Often underestimated, the exposure to personal and professional liability is one of the greatest risks faced by hedge funds and their managers. As is the case with many business ventures, those in charge often concern themselves more with building the organiszation and growing its assets than protecting the company and themselves. In such organiszations, insurance is often viewed as a commodity to be selected based on price and not as an asset protection vehicle that must be individualiszed according to the unique risk of each firm.
Many firms approach insurance without the level of strategy used to pursue other business decisions, purchasing only what is required or treating insurance as an afterthought. Unfortunately, by relying only on required coverages, funds can be severely underinsured. In order to be sufficiently protected, a firm’s managers must approach insurance in terms of what their assets are, how the assets are at risk, and from what sources they are at risk: only after these factors have been determined can appropriate coverages be designed.
Hedge funds can be sued for mismanagement, misrepresentation, breach of duty, and failure to adequately disclose the risks involved in the hedge fund. Such suits may be brought by investors or other third parties, such as regulatory agencies, and will name not only the fund and investment manager but also the fund’s general partner and/or directors, officers, or managing members, depending on the structure of the fund. There is therefore an overlap between Directors & Officers liability and Professional Liability/Errors & Omissions liability insurance. Because of this overlap, coverage gaps can occur if the insurance broker designing the program is not familiar with the structure and nature of hedge funds and the varying policy triggers in an insurance policy.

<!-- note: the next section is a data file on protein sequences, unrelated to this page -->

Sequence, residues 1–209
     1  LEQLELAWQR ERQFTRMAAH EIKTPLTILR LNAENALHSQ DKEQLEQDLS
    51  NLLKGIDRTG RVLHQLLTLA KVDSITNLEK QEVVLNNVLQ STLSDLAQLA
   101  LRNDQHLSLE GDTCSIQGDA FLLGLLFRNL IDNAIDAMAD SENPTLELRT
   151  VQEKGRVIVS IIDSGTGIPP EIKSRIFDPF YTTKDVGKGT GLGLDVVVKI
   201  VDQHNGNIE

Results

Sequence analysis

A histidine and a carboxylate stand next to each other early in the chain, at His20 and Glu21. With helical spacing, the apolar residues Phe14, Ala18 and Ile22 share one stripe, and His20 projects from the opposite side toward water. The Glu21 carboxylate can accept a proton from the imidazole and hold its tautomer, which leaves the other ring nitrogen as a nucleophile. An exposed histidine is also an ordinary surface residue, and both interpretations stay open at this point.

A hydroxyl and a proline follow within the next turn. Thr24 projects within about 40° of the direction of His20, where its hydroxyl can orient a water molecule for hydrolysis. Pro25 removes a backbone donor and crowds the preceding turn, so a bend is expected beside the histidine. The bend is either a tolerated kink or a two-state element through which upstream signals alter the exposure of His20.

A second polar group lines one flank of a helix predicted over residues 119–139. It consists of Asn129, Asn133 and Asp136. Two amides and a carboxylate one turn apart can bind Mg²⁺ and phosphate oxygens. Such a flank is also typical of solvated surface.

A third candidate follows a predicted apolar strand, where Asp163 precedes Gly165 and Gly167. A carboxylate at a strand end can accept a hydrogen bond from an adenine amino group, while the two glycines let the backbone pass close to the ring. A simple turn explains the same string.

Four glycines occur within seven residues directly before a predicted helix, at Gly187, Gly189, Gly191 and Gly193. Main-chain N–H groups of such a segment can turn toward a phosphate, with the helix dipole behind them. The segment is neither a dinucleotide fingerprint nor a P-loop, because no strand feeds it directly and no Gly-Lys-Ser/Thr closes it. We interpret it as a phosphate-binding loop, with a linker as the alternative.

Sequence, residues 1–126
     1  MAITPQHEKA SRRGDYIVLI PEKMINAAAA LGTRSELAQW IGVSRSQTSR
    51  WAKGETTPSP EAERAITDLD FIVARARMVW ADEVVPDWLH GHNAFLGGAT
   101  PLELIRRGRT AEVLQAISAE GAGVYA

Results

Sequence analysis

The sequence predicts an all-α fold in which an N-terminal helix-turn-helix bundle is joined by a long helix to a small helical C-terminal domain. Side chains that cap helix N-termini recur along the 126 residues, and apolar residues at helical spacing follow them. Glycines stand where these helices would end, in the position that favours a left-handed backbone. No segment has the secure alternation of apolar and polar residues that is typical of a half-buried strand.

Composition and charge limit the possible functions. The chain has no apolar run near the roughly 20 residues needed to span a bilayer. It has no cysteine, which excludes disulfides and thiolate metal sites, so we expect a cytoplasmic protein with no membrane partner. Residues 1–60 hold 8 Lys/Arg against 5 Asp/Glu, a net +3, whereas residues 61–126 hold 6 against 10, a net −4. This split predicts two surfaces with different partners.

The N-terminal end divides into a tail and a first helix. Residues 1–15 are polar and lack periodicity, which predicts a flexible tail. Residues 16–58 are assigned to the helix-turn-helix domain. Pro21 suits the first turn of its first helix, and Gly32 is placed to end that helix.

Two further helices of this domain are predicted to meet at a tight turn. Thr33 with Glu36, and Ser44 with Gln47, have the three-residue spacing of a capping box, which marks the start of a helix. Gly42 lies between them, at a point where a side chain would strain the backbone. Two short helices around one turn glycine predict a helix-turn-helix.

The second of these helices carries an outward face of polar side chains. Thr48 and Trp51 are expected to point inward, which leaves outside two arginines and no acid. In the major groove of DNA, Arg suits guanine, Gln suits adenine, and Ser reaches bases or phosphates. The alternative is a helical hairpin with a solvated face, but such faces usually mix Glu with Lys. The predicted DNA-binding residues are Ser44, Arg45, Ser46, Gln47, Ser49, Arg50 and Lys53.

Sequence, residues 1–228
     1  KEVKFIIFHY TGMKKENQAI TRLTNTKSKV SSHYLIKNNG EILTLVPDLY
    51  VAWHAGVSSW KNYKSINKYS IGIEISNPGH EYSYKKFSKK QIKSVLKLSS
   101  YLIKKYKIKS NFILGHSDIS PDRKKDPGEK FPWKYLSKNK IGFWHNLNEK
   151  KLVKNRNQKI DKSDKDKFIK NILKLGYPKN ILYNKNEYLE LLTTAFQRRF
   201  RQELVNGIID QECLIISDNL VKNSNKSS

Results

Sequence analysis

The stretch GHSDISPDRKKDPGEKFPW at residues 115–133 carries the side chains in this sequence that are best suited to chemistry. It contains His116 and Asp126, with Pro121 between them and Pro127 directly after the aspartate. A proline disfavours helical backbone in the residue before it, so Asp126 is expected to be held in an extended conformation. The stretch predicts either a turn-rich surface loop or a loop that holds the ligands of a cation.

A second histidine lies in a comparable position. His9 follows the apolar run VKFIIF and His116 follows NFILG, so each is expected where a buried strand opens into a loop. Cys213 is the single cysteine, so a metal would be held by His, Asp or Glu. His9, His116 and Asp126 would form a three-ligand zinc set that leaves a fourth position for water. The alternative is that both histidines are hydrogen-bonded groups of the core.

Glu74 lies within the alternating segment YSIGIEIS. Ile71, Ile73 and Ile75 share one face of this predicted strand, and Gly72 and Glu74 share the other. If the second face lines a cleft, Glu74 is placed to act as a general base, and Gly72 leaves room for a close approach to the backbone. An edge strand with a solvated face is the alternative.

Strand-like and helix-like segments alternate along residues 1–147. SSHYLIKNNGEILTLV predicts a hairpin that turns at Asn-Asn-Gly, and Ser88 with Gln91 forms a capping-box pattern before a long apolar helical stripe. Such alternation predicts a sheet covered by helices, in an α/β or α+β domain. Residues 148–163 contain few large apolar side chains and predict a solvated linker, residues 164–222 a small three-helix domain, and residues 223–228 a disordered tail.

Unless the proper protection is in place, the personal assets of the fund, the management company, and the individuals are exposed. Specifically, Professional Liability/Errors & Omissions liability insurance covers the management company and its directors, officers, partners, and employees for allegations of negligence and mismanagement of the fund’s assets; Directors & Officers Liability coverage and General Partners Liability coverage provide protection for the respective directors and officers or general partner of the fund for claims of misstatement, misrepresentations, breach of duty, and failure to supervise the management firm; finally, coverage is provided to the fund itself, both for its own liability and for its indemnification obligations to its directors or general partner and investment manager. In addition, such policies can be negotiated to include Employment Practices liability coverage. Employment Practices liability insurance provides coverage for claims by employees and potential employees alleging harassment, discrimination, wrongful termination, retaliation, defamation, or unfair hiring practices. Employment practices lawsuits can do lasting damage to a firm’s reputation, and, therefore, liability coverage can be extremely valuable by mitigating the overall effect of the suit.